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On Thursday, May 15, 1980, the USGS asked Puget Sound prof
Stewart Lowther if he would take one of its scientists up in his
plane for an aerial survey of Mount St. Helens. There had been
a series of earthquakes at the mountain during the previous
few months, and a bulge had formed on the north slope. Alas,
Stewart’s plane needed repairs, so the geologists postponed
their flight until Sunday the 18th. It was a fateful delay. A little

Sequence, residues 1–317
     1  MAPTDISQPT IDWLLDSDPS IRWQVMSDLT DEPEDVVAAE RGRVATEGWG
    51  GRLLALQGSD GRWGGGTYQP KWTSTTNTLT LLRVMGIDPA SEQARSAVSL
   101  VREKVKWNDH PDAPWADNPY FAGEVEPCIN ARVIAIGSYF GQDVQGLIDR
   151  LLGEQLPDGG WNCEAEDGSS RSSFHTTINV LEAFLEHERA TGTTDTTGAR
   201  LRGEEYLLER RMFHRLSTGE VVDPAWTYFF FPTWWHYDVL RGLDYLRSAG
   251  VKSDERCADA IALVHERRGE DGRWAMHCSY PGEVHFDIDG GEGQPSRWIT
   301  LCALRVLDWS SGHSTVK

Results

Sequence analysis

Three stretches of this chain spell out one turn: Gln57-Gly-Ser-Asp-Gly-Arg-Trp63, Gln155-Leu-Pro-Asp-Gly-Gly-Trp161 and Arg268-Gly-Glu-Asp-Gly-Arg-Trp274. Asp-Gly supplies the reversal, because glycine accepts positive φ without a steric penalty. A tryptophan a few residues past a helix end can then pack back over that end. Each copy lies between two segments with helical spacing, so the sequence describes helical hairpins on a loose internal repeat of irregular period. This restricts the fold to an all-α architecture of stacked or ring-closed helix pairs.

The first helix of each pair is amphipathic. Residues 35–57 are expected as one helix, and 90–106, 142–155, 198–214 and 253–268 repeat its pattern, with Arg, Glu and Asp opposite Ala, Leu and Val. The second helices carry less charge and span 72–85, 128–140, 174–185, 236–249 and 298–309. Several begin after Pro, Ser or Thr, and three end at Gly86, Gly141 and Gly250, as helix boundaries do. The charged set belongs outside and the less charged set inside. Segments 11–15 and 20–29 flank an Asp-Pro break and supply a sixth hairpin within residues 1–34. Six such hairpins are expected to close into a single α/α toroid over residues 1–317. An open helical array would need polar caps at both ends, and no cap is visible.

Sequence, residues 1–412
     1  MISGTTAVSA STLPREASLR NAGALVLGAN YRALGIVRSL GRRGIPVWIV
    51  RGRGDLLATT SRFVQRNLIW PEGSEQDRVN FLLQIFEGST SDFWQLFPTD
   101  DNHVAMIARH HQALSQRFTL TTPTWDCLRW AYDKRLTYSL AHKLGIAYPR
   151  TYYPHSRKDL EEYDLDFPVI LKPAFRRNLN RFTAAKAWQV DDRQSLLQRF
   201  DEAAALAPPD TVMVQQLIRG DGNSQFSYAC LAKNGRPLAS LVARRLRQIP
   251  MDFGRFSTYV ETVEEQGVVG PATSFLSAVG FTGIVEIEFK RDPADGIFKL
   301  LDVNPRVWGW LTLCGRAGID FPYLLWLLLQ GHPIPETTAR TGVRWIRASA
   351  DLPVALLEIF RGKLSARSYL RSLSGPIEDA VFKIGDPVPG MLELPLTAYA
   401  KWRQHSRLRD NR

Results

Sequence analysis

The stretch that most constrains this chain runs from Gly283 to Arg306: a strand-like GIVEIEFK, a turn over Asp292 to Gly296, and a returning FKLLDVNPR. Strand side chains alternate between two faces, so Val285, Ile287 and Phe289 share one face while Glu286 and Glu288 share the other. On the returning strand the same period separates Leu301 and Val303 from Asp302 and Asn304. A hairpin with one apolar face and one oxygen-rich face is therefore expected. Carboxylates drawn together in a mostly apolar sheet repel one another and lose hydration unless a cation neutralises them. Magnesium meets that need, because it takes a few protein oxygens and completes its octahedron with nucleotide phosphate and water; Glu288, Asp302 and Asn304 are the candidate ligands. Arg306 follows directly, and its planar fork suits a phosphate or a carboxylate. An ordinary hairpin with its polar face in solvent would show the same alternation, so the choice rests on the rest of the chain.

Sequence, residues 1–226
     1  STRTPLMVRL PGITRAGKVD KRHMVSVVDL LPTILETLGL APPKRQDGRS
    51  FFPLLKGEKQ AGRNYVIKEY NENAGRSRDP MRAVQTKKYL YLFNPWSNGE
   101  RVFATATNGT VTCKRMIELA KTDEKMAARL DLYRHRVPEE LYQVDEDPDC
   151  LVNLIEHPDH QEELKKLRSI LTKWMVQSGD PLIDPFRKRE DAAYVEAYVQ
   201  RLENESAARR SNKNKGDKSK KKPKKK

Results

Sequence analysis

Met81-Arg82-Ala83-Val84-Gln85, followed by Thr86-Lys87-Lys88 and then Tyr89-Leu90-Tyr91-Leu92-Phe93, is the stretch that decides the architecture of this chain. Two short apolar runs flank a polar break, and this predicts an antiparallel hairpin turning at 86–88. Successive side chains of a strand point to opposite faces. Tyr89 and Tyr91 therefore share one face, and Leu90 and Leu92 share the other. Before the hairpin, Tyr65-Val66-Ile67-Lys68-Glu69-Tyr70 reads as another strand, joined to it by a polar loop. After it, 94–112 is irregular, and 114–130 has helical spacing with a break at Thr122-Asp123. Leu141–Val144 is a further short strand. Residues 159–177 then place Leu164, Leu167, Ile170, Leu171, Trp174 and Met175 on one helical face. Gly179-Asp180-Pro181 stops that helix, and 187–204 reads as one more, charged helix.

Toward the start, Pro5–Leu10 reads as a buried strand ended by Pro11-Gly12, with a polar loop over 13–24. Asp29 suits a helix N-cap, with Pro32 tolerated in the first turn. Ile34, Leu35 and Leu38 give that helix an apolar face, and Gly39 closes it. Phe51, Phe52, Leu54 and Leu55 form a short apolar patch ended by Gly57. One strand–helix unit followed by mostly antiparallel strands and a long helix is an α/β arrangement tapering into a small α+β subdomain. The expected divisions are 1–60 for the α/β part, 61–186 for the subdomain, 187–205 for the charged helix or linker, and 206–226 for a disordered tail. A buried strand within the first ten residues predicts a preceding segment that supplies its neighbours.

after 8:30 that morning, as Professor Lowther was banking
his Cessna 182 toward the volcano, the mountain exploded,
rocketing a pyroclastic flow toward Spirit Lake and sending a
massive cloud of ash 80,000 feet into the atmosphere. Lowther,
who was an accomplished aerial photographer, opened the
plane’s door, then, with his big Hasselblad in his left hand—
keeping one eye on the camera viewfinder and the other on
the instruments and windscreen, and his right hand at the
controls—snapped the first pictures of the eruption.
puget
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CATACLYSM
Stewart Lowther